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Finding Significance in Absurdity with 'Pam & Tommy' Showrunners Robert Siegel and D.V. DeVincentis

Robert Siegel and D.V. DeVincentis share their inherent creative attraction to true stories and characters, building out the show's writer's room, and making choices to humanize characters to make them multi-dimensional.

Set in the Wild West early days of the Internet, Pam & Tommy is based on the incredible true story of the Pamela Anderson and Tommy Lee sex tape. Stolen from the couple's home by a disgruntled contractor, the video went from underground bootleg-VHS curiosity to full-blown cultural obsession when it hit the web in 1997. A love story, crime caper, and cautionary tale rolled into one, the eight-part original series.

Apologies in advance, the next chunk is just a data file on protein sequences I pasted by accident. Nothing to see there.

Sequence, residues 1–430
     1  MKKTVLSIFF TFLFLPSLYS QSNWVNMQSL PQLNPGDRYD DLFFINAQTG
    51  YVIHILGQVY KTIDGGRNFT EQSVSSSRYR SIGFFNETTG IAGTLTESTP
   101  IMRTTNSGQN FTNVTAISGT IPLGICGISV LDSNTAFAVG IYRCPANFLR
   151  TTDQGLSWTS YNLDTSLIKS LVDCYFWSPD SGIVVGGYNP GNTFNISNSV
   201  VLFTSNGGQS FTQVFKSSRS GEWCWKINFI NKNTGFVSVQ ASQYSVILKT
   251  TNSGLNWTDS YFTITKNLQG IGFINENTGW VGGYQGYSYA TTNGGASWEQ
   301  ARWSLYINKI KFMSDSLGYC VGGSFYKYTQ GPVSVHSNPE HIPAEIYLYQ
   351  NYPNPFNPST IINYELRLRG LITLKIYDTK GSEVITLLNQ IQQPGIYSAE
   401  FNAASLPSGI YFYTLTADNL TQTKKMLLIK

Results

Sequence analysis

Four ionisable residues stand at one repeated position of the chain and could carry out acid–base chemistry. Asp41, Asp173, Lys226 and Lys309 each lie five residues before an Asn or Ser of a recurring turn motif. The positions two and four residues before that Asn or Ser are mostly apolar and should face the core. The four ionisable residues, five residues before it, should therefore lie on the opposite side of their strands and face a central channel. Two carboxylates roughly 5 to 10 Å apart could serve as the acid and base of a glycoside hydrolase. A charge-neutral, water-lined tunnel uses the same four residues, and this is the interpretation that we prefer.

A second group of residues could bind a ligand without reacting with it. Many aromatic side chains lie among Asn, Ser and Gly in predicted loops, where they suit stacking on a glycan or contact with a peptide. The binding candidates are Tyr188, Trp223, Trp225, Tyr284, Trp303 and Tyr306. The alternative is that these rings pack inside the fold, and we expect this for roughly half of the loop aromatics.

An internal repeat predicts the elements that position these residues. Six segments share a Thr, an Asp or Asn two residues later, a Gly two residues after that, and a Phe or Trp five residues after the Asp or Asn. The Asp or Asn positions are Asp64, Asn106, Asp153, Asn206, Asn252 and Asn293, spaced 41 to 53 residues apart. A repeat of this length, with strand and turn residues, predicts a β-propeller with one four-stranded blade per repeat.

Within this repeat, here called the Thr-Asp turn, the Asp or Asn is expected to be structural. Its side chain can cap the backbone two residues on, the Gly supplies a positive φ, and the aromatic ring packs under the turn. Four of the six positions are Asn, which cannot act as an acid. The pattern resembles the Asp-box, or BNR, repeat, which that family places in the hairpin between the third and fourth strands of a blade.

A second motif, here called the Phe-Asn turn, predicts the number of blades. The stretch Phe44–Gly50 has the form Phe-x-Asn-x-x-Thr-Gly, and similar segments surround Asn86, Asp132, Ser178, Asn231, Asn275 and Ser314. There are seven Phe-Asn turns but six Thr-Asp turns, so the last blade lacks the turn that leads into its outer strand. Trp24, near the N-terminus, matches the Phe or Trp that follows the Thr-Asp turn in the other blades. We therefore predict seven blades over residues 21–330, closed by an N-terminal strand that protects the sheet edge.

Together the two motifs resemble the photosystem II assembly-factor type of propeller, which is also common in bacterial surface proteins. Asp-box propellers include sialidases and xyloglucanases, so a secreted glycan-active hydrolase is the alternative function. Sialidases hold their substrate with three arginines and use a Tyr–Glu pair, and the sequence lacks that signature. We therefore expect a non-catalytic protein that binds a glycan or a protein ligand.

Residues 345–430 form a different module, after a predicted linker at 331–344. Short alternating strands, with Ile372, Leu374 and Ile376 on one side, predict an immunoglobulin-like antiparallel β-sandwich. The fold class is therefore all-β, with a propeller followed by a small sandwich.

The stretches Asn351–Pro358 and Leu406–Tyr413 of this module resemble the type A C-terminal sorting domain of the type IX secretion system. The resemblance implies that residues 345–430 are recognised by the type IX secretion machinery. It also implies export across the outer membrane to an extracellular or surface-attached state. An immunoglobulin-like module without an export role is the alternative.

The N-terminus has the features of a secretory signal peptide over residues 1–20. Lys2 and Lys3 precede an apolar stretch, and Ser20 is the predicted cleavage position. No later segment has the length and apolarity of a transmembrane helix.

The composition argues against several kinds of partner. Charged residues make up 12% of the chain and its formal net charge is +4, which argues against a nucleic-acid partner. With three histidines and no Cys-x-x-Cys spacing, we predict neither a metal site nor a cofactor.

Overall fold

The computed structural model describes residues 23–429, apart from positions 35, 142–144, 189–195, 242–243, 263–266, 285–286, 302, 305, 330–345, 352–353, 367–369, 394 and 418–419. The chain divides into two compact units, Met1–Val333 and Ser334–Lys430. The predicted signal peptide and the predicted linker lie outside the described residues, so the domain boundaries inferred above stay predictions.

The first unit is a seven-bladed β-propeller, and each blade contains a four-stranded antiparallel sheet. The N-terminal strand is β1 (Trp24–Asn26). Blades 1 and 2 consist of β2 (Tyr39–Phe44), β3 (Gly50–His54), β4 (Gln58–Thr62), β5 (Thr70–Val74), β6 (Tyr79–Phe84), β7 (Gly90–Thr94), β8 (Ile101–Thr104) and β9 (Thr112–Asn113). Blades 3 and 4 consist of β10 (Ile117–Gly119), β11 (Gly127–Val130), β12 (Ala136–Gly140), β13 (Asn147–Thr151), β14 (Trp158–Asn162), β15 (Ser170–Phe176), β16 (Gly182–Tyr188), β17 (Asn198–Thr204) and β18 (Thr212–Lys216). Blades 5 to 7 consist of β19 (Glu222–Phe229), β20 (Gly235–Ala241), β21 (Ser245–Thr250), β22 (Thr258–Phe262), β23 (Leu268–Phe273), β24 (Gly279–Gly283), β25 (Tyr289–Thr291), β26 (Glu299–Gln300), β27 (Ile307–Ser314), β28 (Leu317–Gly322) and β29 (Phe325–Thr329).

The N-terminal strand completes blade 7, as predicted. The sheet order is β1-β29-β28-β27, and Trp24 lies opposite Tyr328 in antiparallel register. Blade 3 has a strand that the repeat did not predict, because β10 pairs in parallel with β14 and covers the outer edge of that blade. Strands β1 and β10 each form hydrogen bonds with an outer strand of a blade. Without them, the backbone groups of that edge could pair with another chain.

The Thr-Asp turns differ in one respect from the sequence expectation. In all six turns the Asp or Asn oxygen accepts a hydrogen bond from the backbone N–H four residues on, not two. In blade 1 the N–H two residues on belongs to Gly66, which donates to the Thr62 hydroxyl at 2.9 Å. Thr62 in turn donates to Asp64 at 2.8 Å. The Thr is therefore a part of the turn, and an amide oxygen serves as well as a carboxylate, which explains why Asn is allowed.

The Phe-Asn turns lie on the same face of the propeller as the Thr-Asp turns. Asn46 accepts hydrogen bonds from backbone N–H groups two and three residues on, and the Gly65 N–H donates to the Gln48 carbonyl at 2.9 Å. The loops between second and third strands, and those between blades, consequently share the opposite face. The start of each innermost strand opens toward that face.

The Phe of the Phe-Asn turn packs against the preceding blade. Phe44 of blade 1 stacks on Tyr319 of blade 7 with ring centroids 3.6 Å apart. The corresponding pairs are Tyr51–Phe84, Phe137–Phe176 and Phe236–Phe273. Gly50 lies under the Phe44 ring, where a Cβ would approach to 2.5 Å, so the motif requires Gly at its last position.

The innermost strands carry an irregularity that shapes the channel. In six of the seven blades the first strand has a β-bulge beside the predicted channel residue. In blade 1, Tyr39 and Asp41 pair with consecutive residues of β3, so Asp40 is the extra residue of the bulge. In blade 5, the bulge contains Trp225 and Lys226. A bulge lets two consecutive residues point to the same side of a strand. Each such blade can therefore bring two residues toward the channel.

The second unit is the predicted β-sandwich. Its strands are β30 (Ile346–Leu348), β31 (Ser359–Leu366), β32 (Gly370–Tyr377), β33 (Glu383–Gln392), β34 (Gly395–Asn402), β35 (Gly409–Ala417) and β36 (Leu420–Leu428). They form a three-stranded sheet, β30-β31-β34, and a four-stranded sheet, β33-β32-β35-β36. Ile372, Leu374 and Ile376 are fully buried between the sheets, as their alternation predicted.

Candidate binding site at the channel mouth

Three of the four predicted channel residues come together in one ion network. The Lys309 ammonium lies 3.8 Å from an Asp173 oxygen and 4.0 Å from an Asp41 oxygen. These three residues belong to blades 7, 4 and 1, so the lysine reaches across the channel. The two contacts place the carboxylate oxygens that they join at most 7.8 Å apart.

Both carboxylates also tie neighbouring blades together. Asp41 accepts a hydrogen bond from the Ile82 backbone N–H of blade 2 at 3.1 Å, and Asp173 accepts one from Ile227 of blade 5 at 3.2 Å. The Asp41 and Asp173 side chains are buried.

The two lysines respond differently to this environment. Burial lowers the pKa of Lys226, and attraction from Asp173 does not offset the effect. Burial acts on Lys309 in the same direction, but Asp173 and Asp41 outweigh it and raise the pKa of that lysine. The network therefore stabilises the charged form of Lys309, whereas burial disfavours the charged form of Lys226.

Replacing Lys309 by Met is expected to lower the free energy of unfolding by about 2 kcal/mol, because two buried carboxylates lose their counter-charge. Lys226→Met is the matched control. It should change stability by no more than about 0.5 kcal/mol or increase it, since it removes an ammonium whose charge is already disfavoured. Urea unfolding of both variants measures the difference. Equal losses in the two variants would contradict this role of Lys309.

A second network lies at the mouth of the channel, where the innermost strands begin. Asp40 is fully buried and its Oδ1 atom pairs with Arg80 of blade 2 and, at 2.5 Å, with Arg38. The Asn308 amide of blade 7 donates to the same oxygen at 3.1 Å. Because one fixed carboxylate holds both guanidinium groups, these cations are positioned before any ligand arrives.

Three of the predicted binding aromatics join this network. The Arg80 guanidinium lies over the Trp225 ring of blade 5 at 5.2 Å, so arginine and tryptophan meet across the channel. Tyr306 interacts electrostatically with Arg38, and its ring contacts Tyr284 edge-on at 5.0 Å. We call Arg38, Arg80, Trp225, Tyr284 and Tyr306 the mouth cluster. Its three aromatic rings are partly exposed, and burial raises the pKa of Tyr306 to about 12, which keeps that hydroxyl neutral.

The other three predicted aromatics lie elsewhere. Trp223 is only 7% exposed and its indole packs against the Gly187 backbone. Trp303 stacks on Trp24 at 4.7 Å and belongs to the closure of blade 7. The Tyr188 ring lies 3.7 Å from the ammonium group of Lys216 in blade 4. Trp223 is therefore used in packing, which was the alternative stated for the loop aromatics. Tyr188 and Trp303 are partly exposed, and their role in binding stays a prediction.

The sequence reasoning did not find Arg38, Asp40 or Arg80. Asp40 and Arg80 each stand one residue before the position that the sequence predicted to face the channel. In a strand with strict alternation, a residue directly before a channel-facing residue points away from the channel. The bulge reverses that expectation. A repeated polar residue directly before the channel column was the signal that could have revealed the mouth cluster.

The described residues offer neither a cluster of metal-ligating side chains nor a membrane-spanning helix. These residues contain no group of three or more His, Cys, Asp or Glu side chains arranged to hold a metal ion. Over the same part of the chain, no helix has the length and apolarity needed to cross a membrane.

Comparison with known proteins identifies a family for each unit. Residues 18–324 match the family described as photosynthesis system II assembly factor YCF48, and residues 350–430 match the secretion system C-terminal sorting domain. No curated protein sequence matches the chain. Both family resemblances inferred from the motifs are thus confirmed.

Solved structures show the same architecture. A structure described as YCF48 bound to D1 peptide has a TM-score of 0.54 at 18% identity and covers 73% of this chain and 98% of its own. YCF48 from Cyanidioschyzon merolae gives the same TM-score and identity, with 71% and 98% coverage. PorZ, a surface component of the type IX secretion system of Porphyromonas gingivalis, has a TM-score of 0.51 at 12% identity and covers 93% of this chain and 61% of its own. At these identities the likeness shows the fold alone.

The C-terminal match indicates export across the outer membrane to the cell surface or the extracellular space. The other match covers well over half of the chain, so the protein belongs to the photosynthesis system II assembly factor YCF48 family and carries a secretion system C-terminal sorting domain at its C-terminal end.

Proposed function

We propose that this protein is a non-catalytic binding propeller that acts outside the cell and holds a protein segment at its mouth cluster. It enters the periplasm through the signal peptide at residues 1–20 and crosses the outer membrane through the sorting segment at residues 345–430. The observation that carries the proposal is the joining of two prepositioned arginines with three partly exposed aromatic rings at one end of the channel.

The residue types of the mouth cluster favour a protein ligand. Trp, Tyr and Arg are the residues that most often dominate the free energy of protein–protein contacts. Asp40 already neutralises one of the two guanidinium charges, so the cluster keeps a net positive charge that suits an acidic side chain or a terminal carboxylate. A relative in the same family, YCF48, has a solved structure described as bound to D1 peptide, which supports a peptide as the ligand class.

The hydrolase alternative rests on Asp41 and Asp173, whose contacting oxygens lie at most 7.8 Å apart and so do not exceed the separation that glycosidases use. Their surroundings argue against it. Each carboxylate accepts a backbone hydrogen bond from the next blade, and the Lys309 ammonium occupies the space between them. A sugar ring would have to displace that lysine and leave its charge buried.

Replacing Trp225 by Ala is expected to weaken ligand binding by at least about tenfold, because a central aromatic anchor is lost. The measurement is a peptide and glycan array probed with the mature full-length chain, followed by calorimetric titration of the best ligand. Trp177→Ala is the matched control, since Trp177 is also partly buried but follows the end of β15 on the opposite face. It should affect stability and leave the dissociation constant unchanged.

Nostalgic for most, Pam & Tommy isn't just about the outlandish titular characters, it's also about an undeniable transformative time for both pop culture and technology, and how those two intersect. I had the great honor of speaking with Robert SiegelPam & Tommy creator and co-showrunner, along with co-showrunner D.V. DeVincentis. The two share their inherent creative attraction to true stories and characters, building out their shows writer's room, and making choices to humanize characters to make them multi-dimensional. 

[L-R] Lily James as Pamela Anderson and Sebastian Stan as Tommy Lee in Pam & Tommy. Photo by Erin Simkin/Hulu.

[L-R] Lily James as Pamela Anderson and Sebastian Stan as Tommy Lee in Pam & Tommy. Photo by Erin Simkin/Hulu.